The Maine oil booms: Yes, they’re blowing smoke

June 17, 2010

Earlier in the saga of the Packgen oil-containment booms that apparently neither BP nor the Federal government wants, ostensibly because of quality issues, I had asked the following question:

Or are Washington and BP blowing smoke to cover for an initial and inexcusable lackadaisical response to the biggest environmental catastrophe in US history?

Silly me. I should have realized this was a rhetorical question; of course they’re just lying to cover up their bumbling:

Engineering Professor Gives Maine Boom Thumbs Up

“I have never directly looked at boom before,” says Ian T. Durham of the Department of Physics and Cooperative Engineering at Saint Anselm College.

That said, Durham says, analyzing boom “is a fairly standard, pretty simple mechanical engineering problem.”

Durham was recently hired by Packgen — the Maine packaging company that manufactured roughly 80,000 feet of boom that the US Coast Guard says failed an initial BP quality control test. Packgen president John Lapoint III has expressed frustration at BP/Coast Guard bureaucracy, insisting that the boom he’s making will work well in the Gulf, where boom is desperately needed.

Durham would not say how much he was paid, but he says he’s generally paid $100 an hour for consulting, and his analysis of Packgen boom took rougly 40-45 hours.

You can read Durham’s report HERE.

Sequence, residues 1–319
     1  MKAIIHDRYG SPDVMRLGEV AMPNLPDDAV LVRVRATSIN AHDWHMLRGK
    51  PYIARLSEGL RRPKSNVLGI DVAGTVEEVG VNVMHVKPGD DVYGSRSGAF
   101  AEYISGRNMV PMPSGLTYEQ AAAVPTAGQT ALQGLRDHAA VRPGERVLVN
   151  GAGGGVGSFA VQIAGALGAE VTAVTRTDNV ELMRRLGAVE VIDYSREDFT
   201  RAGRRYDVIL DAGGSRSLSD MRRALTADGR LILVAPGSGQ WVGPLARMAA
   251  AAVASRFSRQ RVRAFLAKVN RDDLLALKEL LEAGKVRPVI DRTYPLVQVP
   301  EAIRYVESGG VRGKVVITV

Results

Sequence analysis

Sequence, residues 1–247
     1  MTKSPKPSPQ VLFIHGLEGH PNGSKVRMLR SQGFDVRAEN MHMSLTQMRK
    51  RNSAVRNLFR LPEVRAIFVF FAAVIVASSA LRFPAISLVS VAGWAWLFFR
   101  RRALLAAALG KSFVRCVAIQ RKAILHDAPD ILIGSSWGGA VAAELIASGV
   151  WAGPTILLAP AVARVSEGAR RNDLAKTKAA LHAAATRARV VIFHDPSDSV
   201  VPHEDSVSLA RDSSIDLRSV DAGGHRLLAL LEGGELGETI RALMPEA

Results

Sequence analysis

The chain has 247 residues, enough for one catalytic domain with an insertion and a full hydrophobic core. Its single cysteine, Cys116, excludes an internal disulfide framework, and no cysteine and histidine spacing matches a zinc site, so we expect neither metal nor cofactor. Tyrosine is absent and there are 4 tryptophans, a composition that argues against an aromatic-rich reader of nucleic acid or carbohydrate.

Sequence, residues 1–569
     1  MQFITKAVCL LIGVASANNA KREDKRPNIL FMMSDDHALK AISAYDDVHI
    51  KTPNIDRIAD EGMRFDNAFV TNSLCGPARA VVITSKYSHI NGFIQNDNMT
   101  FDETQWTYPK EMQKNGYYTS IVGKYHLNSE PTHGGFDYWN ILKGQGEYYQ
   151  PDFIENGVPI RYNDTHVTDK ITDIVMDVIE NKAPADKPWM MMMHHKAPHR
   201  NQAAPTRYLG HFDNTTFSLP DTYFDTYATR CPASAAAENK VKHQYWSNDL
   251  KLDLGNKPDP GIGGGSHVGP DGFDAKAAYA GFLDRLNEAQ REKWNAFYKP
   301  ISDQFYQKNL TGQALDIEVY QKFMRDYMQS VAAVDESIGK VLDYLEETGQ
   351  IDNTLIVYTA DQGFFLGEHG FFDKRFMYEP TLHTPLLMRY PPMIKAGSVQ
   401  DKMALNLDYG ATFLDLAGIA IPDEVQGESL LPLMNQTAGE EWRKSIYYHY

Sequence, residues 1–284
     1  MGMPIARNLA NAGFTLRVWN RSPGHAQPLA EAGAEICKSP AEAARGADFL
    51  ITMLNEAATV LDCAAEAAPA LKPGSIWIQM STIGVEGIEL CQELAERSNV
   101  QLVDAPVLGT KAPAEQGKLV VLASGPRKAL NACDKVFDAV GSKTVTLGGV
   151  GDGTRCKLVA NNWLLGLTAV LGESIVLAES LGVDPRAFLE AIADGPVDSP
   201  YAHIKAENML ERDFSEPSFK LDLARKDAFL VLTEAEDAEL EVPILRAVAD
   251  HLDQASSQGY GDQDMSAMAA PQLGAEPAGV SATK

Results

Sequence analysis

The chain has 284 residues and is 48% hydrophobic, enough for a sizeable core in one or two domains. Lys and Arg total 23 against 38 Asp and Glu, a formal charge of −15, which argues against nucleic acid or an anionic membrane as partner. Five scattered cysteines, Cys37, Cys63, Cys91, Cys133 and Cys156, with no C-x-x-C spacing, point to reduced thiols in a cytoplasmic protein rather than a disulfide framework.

He says Packgen’s boom is superior to other boom. Its woven polypropelene is “practically indestructible,” he says. “Packgen uses it to make toxic waste disposal containers.”

Using woven polypropelene means the Packgen boom isn’t “going to twist like the vinyl” boom. “And it’s easier to deploy. It’s nice and stiff and it floats really nicely.”

As far as the professor is concerned, the boom meets or exceeds accepted ASTM standards. So, I ask again: aside from  connector problem that was easily rectified by Packgen, what is BP and the Coast Guard’s problem with Packgen’s product? If it’s even 50% effective, isn’t that better than nothing? Why hasn’t the whole supply been bought and shipped to the Gulf via military airlift?

It seems now that the answer is clear: the administration and BP screwed up by not acting on Packgen’s initial offers, which were conveyed through Maine’s two senators, and are now covering their rears by making up excuses that don’t stand up to the mildest challenge. Rather than admit they were slow off the mark and fixing the problem, the Lightworker administration waves its hands and tries to distract the audience like a cheap stage magician in Vegas whose tricks the crowd can see right through.

Pathetic.

(via Hot Air)


Gulf oil slick: mindboggling incompetence

June 8, 2010

When an oil spill occurs in water, one thing you want a lot of is boom: floating barriers that can contain the oil to a relatively restricted area. Since the Deepwater Horizon exploded and began the largest oil spill in US history, gulf-state governors have been begging for boom to protect their coastlines. Louisiana Governor Jindal asked for 5,000,000 feet of “hard” boom in early may. So far, he’s only received 20% of that. Supposedly, there just isn’t enough.